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SimplyStu Podcast Series

Welcome to my Podcast.  I love what I do and hope you enjoy the shows!

I met pure magic

Jun 11, 2007

It started like any other race. I was excited just to be in great shape and test my abilities just 3 days after my last sprint Aquathon race. After setting up my transition area, I looked at the sky and saw heavy rain. I smiled and just watched as the rain soaked the bikes, shoes and just about anything that wasn't covered. I stood under a tree and just smiled. So many people panicked, but I just smiled and enjoyed it all. After about 15 minutes the skies cleared and the race was on. Note: I was prepared and always carry a big garbage bag with me in case this happens. My stuff was nice and dry once the race started.

After a good swim warmup, my age group was called. A new age group for me this year - the big 40. I looked at the guys and for the 1st time thought - I can beat these guys. I normally start up front to get off fast. The gun went off and I quickly was out front. Huh What? Where is everyone? I looked left. Nothing. Right. Nothing? Huh? What? I hit the first turn and saw nothing. Wow. Is this happening? It's not that big of a deal, but I have never been out front - even if this is just with the 40 year olds. So I hit the 2nd turn. Still out front. In the past I would have started to get tired, but with Coach Mike's help, I'm in better shape and not hitting the wall in the swim. I started to pass the groups in front of me, and finally saw a guy come up to the right. For a spilt moment I said, just let him go. NO. NO. NO. I picked up the pace and made sure that I could look Coach Mike in the face and tell him I gave it my all. I was out 1st.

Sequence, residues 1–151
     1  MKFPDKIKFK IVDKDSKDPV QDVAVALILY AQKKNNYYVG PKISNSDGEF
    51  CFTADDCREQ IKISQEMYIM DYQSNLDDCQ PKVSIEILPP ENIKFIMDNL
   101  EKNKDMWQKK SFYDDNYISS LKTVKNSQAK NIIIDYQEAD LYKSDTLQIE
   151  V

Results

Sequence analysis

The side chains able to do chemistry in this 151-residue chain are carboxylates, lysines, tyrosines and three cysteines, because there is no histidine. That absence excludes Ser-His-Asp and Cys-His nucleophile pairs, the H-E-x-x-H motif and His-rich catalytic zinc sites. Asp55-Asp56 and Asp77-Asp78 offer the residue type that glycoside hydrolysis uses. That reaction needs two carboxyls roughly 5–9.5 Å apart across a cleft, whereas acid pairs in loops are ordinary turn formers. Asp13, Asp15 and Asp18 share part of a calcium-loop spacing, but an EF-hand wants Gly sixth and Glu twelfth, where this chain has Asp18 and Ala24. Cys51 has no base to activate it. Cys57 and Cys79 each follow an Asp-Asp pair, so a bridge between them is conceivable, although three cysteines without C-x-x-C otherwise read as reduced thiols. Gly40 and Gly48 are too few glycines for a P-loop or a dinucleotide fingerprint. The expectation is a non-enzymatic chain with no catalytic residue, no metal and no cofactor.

The bike started out ok. With my PowerTap, I was able to see my power. The problem with the sprint is you have to go so hard that your HR is high. I was not feeling the best, but I held on. I was not getting passed in mass like past years. I did count 4 guys pass me from my age group, but I was staying close. Wow. At mile 7 I was starting to get in a rhythm and staying at 90 cadence. It was a mental battle. Come on Stu. Stay with the guys. Say with them! Come on.